In creating reasonable rules following a process will help ensure that the rule is necessary as well as valid:

  1. Determine the need for the proposed rule.  Good rules accomplish exactly what the board intended them to accomplish.  Unfortunately, some associations try to solve a problem by passing rules that are either too harsh or too broad.
  2. Define who and what is to be covered by the rule and the time periods involved for implementation.
  3. Define the specific parameters of the rule, the actions required and the penalties for violation.  Simple, clear, and concise language as to the rule is essential to understanding andenforcement.If the rule involves the establishment of guidelines or discretion as to enforcement, set forth the initial guidelines at the outset.  (This is particularly important with architectural controenforcement.)
  4. Don’t create a rule that is impossible to monitor.  For example, don’t prohibit parking an RV for more than 48 hours.  It requires the association to somehow time how long each vehicle is being parked.   Connect the rule to the problem – if the problem is RV’s parked in the area then do not allow any parking unless actively loading or unloading.  It allows what is necessary and stops what is the underlying problem without making homeowners time their neighbors.
  5. Test the rule for compliance with constraints.  Evaluate the rule and the extent to which it complies with constraints dealing with constitutional and other rights such as reasonableness, impartiality, civil rights, due process, fairness, equal protection, etc.Verify that the rule is not inconsistent with specific document provisions already in place, such as requirements for notice, procedures for adoption, or penalties which may be imposed.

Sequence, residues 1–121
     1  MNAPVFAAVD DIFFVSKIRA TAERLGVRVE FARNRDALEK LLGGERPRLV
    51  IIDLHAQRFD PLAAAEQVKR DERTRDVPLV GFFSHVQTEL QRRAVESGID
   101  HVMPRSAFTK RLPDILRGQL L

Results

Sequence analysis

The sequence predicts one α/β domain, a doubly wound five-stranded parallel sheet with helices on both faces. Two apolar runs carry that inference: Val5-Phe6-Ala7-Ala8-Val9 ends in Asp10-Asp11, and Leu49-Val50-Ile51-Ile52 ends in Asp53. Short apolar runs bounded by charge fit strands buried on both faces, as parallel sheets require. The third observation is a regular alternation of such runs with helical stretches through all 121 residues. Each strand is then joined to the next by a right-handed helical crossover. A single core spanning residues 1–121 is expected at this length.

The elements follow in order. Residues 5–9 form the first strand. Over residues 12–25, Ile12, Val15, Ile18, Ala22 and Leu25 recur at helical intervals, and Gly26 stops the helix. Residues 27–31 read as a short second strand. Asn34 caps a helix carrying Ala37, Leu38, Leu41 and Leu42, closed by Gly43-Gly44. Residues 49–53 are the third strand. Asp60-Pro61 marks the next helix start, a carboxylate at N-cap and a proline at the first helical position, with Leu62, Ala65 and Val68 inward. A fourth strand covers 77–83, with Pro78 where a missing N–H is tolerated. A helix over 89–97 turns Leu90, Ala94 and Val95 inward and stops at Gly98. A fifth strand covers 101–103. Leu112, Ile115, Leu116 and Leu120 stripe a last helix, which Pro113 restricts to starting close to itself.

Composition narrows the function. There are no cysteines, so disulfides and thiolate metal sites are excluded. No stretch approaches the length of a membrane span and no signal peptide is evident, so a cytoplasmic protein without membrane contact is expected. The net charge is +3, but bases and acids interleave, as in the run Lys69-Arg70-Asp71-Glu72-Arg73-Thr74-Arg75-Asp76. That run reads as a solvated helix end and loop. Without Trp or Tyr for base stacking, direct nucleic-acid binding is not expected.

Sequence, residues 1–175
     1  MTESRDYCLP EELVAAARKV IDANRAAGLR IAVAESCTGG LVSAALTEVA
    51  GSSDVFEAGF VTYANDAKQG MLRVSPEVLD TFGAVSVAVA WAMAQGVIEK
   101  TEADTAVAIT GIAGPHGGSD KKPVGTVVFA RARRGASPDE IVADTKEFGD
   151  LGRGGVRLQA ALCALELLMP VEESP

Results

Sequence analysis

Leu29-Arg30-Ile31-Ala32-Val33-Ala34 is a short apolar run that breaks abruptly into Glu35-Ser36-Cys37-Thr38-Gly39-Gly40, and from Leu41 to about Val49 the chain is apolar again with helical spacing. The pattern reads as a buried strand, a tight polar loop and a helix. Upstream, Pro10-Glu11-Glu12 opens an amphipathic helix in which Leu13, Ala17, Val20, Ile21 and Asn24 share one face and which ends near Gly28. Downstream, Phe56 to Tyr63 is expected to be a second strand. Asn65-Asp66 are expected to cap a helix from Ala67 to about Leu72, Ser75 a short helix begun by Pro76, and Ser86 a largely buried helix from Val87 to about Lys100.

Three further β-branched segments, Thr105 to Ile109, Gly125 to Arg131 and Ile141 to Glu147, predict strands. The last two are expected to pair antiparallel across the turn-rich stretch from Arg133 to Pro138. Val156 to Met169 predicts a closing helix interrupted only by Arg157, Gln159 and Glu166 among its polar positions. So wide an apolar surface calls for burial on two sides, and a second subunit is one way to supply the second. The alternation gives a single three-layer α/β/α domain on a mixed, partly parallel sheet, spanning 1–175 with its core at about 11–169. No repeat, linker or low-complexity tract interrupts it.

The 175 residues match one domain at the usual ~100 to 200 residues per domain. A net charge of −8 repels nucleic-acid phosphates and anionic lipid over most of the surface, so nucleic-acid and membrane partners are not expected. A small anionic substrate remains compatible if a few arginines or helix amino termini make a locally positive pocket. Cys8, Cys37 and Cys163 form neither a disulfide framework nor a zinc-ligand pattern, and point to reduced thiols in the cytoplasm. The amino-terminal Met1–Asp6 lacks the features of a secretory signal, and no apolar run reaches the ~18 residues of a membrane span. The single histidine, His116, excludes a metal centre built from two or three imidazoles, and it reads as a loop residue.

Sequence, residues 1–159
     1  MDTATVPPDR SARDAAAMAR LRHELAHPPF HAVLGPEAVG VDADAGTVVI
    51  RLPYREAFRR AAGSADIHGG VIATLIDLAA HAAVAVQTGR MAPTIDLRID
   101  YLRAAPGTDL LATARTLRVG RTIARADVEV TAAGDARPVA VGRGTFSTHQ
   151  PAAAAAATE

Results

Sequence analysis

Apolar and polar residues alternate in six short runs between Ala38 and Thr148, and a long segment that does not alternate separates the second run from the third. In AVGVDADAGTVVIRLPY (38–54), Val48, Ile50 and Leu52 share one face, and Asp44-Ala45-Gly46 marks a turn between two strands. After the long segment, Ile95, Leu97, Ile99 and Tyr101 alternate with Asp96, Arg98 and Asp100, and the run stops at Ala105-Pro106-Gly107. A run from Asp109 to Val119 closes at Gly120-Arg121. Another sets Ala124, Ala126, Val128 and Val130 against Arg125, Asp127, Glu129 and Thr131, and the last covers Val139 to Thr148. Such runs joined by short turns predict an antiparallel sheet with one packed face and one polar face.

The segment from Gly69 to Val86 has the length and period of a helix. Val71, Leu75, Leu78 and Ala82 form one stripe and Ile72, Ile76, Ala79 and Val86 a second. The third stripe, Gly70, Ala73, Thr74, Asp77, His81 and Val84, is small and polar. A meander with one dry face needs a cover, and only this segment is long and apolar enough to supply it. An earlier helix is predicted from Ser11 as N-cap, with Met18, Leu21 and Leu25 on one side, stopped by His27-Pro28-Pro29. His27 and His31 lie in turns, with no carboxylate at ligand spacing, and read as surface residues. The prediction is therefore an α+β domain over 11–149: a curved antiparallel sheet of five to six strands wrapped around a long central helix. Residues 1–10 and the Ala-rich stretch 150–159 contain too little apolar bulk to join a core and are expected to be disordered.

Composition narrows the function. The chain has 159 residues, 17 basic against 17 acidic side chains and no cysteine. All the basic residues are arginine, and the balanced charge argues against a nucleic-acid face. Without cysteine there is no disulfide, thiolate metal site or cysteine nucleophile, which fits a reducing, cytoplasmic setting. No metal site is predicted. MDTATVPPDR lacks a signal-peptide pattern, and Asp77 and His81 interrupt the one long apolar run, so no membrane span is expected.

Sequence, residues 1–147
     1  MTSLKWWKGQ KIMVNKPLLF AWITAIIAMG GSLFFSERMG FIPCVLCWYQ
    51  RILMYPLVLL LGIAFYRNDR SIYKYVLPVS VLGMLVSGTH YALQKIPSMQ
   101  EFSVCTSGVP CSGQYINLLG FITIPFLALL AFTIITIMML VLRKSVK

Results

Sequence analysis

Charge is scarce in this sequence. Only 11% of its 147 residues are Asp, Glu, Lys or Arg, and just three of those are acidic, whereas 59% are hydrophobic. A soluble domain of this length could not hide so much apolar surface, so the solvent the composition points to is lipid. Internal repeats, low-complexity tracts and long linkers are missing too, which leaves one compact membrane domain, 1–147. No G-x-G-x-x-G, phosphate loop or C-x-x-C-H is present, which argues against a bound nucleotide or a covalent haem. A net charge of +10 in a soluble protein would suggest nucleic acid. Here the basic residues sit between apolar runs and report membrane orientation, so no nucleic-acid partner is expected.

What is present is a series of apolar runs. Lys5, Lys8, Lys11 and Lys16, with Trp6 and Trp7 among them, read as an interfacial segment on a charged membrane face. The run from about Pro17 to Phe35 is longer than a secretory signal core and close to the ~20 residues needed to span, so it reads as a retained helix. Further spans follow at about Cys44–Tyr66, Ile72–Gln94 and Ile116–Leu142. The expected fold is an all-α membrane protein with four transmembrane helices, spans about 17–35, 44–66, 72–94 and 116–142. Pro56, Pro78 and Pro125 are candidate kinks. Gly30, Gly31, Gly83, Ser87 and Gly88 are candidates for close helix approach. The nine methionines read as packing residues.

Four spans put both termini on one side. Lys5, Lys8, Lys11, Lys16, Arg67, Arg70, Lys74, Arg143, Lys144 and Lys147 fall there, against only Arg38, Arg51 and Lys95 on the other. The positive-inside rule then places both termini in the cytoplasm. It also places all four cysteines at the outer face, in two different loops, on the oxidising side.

6. Give owners notice and build consensus.  Most rules, covenants, and laws are successful because of voluntary compliance and acceptance.Give notice of a proposed rule and seek owner and resident input to the provision of the rule before formal adoption to help remove opposition and build consensus.
  7. Upon adoption, provide ample notice and publication of the adopted rule and the time frame when enforcement will begin.

Consult with your attorney.  Creating or amending rules is no different then amending your governing documents, it can be complex and doing it right the first time is invaluable.  Be aware of undertaking this process without the assistance of legal counsel.  You can save a great deal of time and money by working with an attorney who specializes in community association law from the beginning of the process instead of calling upon one when trying to enforce a rule only to find out it is not enforceable.

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